For residents near Surf City’s canals, the sight of a crocodile floating in the water can be intriguing, but also frightening.
This is likely why a person was killed after becoming too friendly with people, according to experts. Officials from the North Carolina Wildlife Resources Authority (NCWRC) are investigating an August incident in which a 5 1/2-foot female reptile was hit in the head. He was probably about 10 to 12 years old.
Barbara Smith, the lead officer with the National Center for Women’s and Children’s Rights, said the body was found shot dead in the marsh, near the end of the Sixth Street Canal. Interviews were conducted with nearby residents to find out what happened.
“I think someone shot her just because she was around,” she said. “We’ve dealt with calls from that area. But that’s their natural habitat. They’ll be in those channels.”
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Smith said a lot of people come to places like the Canals for weekend getaways, who don’t like alligators for whatever reason.
“Of what I collected, half of them and half of them,” she said. “Half the people there love them and half the people there hate them.”
Alligators are considered a threatened species according to state laws and harming, harassing, or killing is strictly prohibited, unless in self-defense. Only certified professionals can remove them.
For Smith, this is the first time he’s investigated a crocodile murder in the Surf City area. Usually, there are one or two cases in the case of catching a poaching alligator.
“Unfortunately, this is already happening,” she said.
Too much food?
Wildlife officials emphasized that people should not feed the crocodile because it would become a major problem. When they are fed by people, they begin to associate humans with having an easy meal. Smith said that many people who visit the area may inadvertently feed them by cleaning fish and dumping scraps in the water.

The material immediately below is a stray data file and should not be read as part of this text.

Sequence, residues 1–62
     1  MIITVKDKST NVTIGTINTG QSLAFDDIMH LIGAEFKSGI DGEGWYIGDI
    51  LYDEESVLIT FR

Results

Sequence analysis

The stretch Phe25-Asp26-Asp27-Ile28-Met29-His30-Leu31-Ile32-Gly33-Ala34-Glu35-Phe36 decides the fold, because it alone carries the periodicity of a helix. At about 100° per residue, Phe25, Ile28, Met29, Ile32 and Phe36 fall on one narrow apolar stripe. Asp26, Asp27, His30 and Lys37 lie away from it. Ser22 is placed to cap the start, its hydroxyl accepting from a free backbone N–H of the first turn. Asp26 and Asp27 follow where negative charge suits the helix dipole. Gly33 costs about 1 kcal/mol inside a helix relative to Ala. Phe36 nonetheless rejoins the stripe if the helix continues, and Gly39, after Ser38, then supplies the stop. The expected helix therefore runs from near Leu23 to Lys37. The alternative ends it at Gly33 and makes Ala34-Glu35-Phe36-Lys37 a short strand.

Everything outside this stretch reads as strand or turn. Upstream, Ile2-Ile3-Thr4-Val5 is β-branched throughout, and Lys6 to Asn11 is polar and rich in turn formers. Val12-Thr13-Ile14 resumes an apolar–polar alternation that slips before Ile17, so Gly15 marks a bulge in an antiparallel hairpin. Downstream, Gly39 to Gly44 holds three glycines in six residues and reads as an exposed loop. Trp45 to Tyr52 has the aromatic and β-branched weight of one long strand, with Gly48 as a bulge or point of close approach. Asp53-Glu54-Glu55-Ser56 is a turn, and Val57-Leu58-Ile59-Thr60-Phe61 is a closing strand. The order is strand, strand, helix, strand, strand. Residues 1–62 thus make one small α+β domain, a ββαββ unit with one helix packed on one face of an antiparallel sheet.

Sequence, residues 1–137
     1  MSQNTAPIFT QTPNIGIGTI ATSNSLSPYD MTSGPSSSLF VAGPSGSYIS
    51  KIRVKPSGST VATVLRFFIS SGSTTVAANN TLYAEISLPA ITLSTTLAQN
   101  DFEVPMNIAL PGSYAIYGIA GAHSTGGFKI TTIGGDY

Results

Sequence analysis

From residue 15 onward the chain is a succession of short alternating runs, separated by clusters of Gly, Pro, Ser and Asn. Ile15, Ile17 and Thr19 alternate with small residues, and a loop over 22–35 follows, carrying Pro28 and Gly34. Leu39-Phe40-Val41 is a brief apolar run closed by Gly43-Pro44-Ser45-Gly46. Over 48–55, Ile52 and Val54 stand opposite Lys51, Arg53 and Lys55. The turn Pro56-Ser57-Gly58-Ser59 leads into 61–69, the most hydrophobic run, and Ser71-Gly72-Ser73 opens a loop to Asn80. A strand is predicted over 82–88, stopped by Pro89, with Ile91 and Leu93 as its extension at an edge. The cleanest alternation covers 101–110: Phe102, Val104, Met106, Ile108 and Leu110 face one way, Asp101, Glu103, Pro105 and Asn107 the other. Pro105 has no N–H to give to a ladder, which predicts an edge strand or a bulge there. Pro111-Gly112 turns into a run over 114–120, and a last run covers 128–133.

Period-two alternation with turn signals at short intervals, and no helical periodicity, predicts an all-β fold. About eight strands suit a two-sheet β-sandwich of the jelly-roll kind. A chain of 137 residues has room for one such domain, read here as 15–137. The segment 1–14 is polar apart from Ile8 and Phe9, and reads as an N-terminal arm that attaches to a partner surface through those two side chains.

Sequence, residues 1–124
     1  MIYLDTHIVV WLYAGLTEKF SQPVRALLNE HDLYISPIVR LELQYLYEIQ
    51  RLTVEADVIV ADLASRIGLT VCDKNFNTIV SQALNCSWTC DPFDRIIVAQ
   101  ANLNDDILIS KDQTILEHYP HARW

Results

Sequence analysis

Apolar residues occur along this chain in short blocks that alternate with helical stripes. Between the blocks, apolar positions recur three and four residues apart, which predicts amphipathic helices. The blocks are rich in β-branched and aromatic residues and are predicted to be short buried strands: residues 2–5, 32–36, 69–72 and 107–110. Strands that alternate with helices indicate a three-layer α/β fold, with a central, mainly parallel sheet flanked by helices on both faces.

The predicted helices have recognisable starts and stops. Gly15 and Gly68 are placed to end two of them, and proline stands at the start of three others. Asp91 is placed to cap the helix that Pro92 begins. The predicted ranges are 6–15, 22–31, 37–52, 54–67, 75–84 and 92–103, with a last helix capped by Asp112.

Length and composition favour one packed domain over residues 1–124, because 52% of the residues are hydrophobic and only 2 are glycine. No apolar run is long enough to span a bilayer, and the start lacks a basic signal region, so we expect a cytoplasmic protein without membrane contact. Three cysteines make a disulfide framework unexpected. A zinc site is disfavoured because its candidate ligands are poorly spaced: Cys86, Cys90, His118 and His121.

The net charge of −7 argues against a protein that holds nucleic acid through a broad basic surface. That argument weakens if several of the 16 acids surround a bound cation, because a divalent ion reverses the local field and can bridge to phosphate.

The biologist at the National Center for Livestock and Plant Welfare added that ducks, geese, turtles and fish should not be fed in areas of water where the crocodile is present.
Here are some tips that NCWRC District 2 wildlife biologist Chris Kent has for people in the area.
“People have been feeding alligators in these canals all summer,” Kent said.
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Since May, Kent said he has received reports of a couple of alligators swimming to people’s sidewalks and dumping fish carcasses or other types of food at them. This is against the law, as well as being a federally protected species.
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“We want these animals to remain wild and we want them to remain shy,” he said of a collective relief with the people. “We don’t want them to get close to people and have behavior like that.”
Part of his job is to work with the crocodile, especially from April to October. In 50 years, Kent said, there have been only a handful of incidents where people have been injured by alligators in North Carolina.
“The few people I know who were bitten by an alligator in our state were all primarily responsible for their injury, because they were bitten while trying to catch or feed a crocodile,” he said. “Both activities are illegal. We are the northern part of the American alligator’s native range. They have been in our areas for millions of years.”
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He added that North Carolina is significantly lower than states such as Florida, Louisiana or Mississippi.
“When I have to go and catch them, these animals, even if they are twice my size, I usually chase after them to catch them,” he said while advising people not to cause trouble with food. “They’re trying to get away from people.”
He believes that doing so can avoid problems.
“They weren’t going to swim in the canal and go up to the docks and hang out with people on the boats,” Kent said. “This isn’t just typical behavior of a crocodile that hasn’t been fed by people. This really gets people into trouble.”
Kent continues to provide education about what to do and what not to do when they see an alligator.
“Apparently, someone felt like he was going to take his hand and take out the problem, and I really hope we catch up with those people,” Kent said.
Anyone with information is asked to call the irregularity number at 1-800-662-7137, ext 1. Callers can remain anonymous.
“They don’t have to give their names and that really helps us a lot and could be an important prize for someone willing to provide information that leads to an indictment,” Kent said.
Reporter Chase Jordan can be reached at firstname.lastname@example.org.